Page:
Thursday, April 28, 2011

New Era in American Politics?

Because the president is black, the media and left-wing commentators have gone out of their way to argue how unprecedented is the current politics of the birth certificate. Tavis Smiley, appearing on socialist Lawrence O'Donnell's show, argues that Trump's the biggest racist in the tea party? Say what? Do these people have a clue? Trump's a businessman and a political opportunist with few ties to the tea party, but facts don't matter. So get ready: The allegations of racism will be raining down more viciously in this election cycle. No matter that the worst racism in 2008 was on the Democratic side (Bill Clinton called Obama the "Jesse Jackson" candidate in the race, etc.). Nope, simple opposition to big government and rank incompetence is racist. It's pretty lame:

Meanwhile, Politico attempts to make the case that current political battles are unprecedented, "A New Era of Accusation and Innuendo" (via Memeorandum):
President Barack Obama’s appearance Wednesday in the White House briefing room to present a documented rebuttal of suspicions that he was not really born on U.S. soil was more than just a surprise. It was a decisive new turn in the centuries-long American history of political accusation and innuendo.

By directly and coolly engaging a debate with his most fevered critics, Obama offered the most unmistakable validation yet to the idea that we are living in an era of public life with no referee — and no common understandings between fair and unfair, between relevant and trivial, or even between fact and fantasy.

Lurid conspiracy theories have followed presidents for as long as the office has existed. But even Obama’s most recent predecessors benefited from a widespread consensus that some types of personal allegations had no place in public debate unless or until they received some imprimatur of legitimacy—from an official investigation, for instance, or from a detailed report by a major news organization.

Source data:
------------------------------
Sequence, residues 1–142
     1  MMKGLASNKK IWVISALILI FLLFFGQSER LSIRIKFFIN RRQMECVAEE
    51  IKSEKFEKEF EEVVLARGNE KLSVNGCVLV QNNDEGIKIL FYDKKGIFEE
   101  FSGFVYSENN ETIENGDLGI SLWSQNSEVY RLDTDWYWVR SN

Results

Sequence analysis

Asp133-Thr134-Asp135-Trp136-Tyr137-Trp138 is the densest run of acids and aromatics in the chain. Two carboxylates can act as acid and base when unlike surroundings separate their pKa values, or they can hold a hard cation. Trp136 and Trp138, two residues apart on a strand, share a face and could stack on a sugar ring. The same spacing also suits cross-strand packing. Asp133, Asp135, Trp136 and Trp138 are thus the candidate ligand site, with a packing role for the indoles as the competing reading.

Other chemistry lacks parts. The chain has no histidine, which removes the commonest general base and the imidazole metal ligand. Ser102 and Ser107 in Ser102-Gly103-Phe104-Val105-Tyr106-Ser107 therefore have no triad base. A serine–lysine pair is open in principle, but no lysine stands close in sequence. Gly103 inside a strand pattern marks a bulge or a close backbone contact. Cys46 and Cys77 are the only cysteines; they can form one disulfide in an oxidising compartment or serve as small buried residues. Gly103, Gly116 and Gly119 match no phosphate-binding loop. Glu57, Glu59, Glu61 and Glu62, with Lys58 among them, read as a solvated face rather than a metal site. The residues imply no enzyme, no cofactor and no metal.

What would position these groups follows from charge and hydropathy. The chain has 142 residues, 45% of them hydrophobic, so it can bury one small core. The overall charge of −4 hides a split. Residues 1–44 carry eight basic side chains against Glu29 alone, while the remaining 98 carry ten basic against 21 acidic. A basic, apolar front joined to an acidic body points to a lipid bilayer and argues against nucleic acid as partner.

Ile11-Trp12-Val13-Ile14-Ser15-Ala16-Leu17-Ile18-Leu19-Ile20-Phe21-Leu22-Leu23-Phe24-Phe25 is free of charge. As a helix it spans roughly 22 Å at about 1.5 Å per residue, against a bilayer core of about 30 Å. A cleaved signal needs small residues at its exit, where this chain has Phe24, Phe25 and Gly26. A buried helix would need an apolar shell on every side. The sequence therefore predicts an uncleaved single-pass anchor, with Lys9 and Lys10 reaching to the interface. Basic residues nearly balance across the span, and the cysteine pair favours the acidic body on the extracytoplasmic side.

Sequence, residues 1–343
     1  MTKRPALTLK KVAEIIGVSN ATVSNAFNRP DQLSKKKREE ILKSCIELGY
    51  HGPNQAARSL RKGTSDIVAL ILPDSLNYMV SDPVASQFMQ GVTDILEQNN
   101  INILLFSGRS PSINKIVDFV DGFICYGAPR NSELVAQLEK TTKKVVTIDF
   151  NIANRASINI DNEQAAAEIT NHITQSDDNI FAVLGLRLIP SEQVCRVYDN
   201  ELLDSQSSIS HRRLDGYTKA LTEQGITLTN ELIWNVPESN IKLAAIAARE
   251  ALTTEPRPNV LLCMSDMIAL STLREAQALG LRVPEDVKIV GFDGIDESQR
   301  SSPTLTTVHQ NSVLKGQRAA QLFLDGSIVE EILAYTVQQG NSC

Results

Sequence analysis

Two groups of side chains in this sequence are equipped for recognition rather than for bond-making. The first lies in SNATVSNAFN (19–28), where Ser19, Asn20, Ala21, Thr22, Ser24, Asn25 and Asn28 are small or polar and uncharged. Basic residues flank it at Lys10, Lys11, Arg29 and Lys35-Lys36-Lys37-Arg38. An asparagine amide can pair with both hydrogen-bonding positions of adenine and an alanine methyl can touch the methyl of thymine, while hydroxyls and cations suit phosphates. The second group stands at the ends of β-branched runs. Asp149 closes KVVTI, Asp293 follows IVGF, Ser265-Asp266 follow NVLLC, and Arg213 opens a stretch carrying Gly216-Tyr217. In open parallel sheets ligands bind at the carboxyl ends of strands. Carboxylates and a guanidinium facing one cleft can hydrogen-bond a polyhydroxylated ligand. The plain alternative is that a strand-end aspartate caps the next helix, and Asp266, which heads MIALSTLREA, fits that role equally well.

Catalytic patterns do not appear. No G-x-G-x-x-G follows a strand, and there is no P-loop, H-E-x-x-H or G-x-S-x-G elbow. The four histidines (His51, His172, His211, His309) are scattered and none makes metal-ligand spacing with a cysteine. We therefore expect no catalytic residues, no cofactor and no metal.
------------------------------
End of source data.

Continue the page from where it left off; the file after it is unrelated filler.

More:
“There are no more arbiters of truth,” said former White House press secretary Robert Gibbs. “So whatever you can prove factually, somebody else can find something else and point to it with enough ferocity to get people to believe it. We’ve crossed some Rubicon into the unknown.”

It’s hard to imagine Bill Clinton coming out to the White House briefing room to present evidence that people who thought he helped plot the murder of aide Vincent Foster — never mind official rulings of suicide — were wrong. George W. Bush, likewise, was never tempted to take to the Rose Garden to deny allegations from voices on the liberal fringe who believed that he knew about the Sept. 11, 2001, attacks ahead of time and chose to let them happen.
More at the link, but it's a preposterous theory. The administration of President George W. Bush deflected the most wild conspiracies against the administration for years, claims that "Bush lied" about weapons of mass destruction to get the United States into a war of imperial conquest in Iraq. The press has a short memory and a new spin. The methods are old (see, for example, Benjamin Ginsburg and Martin Shefter, Politics by Other Means: Politicians, Prosecutors, and the Press from Watergate to Whitewater).


Dennis said...

Danger! Race Hustling zone.